Chapters in Montana and Alaska Take Top Honors in Business Plan Competition
Missoula, Montana (August 26, 2020) – Two student chapters of American Indigenous Business Leaders (AIBL) took top honors this summer in a national business plan competition. The business plan competition was hosted by the National Center for American Indian Enterprise Development (NCAIED) in partnership with UNITY.
“Leave it to Native students to be ingenious, creative and thoughtful even during a pandemic,” said Prairie Bighorn-Blount, Executive Director of AIBL. Montana State University AIBL Chapter took first place and the University of Alaska AIBL Chapter placed third. First and third place winners received $3,000 and $1,000 respectively and both received three complimentary registrations to the 2021 National UNITY Conference
Montana presented a business plan called Turtle Island Tales™ a service providing holistic wellness, delivering wellness kits to homes, daycares, and schools via a yearly subscription model. The kits will contain books, recipes, and toys for children and parents. Each month a different holistic wellness topic will be addressed such as sleep, stress, diet, physical activity, emotional health and managing screen time. Indigenous values and spirituality will be strongly woven into the wellness kits. The service will evolve to include online, and in-person workshop training sessions for families and facilitators.
The University of Alaska presented ENA Southwest Contracting, a housing and contracting business located in Bethel, Alaska. Ena means house in Yup’ik. The business is focused on helping those affected by the growing challenges of erosion in Southwest AK. Ena’s mission statement is to provide and maintain affordable housing options for Southwest Rural Alaskans affected by climate change, overcrowding, and harsh weather.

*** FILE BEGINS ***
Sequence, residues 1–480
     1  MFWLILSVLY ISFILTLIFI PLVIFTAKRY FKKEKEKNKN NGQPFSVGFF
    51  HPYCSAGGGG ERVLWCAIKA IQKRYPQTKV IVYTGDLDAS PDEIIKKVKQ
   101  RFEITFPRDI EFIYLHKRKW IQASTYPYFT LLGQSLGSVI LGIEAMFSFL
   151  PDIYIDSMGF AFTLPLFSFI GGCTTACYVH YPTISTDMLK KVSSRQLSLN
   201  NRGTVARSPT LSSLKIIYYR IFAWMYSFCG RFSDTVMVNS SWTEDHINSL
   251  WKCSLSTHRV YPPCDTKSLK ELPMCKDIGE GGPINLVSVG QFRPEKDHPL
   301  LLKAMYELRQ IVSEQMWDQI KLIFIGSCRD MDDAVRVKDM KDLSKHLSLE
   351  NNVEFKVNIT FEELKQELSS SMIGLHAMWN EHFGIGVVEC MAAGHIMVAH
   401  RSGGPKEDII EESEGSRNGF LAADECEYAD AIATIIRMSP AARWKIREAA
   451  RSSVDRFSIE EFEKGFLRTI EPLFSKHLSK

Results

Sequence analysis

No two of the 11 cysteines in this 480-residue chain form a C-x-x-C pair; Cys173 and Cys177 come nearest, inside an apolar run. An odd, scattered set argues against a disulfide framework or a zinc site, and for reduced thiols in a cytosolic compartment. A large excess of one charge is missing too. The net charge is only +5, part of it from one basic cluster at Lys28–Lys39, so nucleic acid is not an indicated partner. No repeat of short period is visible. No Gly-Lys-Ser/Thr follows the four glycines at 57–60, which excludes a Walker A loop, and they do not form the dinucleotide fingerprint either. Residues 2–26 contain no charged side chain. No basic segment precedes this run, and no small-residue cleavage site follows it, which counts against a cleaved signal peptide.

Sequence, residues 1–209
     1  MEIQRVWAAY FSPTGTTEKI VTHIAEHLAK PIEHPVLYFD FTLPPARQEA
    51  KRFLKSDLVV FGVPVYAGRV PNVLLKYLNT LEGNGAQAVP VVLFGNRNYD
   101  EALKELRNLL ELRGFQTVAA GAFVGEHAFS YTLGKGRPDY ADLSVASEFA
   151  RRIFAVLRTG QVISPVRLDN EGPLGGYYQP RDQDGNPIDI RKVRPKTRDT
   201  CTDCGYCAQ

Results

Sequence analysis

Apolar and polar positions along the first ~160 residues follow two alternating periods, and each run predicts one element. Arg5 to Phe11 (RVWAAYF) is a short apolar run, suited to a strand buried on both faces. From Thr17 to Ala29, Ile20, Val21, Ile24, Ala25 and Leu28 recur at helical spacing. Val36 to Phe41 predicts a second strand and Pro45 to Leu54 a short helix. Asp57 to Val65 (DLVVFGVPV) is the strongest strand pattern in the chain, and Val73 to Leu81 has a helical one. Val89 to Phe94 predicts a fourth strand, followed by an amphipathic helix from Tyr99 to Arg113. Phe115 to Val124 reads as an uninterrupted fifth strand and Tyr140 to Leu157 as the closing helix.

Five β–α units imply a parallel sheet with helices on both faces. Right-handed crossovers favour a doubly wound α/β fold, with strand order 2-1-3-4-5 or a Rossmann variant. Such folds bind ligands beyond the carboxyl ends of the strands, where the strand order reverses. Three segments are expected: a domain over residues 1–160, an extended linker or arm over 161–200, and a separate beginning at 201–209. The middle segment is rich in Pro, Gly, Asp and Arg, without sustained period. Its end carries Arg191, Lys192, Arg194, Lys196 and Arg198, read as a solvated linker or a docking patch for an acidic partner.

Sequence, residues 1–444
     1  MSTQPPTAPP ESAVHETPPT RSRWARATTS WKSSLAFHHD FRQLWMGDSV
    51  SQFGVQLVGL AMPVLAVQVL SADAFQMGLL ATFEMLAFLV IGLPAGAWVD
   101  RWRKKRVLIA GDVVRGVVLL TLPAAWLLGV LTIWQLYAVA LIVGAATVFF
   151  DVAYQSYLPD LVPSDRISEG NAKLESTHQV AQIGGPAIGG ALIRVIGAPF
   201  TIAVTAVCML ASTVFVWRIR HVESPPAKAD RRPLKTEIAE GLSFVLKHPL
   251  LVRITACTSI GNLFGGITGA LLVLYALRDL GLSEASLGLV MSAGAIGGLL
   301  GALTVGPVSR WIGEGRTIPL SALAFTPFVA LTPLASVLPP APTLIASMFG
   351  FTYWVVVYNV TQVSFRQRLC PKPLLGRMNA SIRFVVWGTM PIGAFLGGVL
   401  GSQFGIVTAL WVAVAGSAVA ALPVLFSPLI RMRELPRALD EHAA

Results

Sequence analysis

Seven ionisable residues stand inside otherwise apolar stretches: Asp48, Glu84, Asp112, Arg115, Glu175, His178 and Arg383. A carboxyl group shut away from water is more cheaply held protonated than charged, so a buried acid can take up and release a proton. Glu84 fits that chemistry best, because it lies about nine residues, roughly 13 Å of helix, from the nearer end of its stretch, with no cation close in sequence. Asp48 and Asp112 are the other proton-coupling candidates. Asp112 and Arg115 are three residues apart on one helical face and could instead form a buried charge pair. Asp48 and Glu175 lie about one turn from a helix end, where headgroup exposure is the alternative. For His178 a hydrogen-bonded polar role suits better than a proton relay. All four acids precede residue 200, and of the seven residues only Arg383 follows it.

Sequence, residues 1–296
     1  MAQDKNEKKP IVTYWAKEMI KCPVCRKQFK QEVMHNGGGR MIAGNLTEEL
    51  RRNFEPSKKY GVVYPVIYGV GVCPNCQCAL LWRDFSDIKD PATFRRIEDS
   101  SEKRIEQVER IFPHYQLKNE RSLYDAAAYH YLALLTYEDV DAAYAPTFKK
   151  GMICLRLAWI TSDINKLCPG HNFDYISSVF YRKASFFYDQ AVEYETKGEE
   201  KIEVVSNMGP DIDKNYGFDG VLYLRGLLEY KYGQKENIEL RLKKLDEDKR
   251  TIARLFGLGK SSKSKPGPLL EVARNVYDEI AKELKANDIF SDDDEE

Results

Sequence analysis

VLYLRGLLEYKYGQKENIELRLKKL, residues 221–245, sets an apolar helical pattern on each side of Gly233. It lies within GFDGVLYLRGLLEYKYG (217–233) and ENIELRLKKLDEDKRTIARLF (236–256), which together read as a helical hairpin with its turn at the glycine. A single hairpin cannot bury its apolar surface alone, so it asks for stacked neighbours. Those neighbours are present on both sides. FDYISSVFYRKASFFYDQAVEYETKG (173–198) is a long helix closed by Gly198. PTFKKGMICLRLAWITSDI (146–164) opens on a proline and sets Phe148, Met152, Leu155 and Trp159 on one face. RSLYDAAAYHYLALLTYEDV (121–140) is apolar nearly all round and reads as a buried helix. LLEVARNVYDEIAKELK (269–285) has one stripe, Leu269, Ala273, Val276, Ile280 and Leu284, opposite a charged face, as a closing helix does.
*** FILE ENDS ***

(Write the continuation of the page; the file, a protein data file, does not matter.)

The competition simulated what entrepreneurs go through to secure start-up funds. Winning teams reflected where judges would likely invest their money. “AIBL students’ ability to look at their tribal communities objectively and fill a gap using business skills is truly inspiring. These wins validate what we know about our students and their ability to rise to the occasion, weave in their cultural values, inventiveness and business acumen to design and bring forward sustainable solutions for Indian Country. I couldn’t be prouder of the Montana and Alaska AIBL Chapters,” added Bighorn-Blount.
The mission of AIBL is to increase the representation of American Indians and Alaska Natives in business and entrepreneurial ventures through education and leadership development opportunities.
AIBL is the only American Indigenous non-profit organization solely dedicated to empowering business students in the United States. Our programs are designed to engage students in activities that stimulate, enhance, and expand educational experiences beyond traditional academic methods.
To learn more about staring an AIBL chapter and our internship program, please visit www.aibl.org.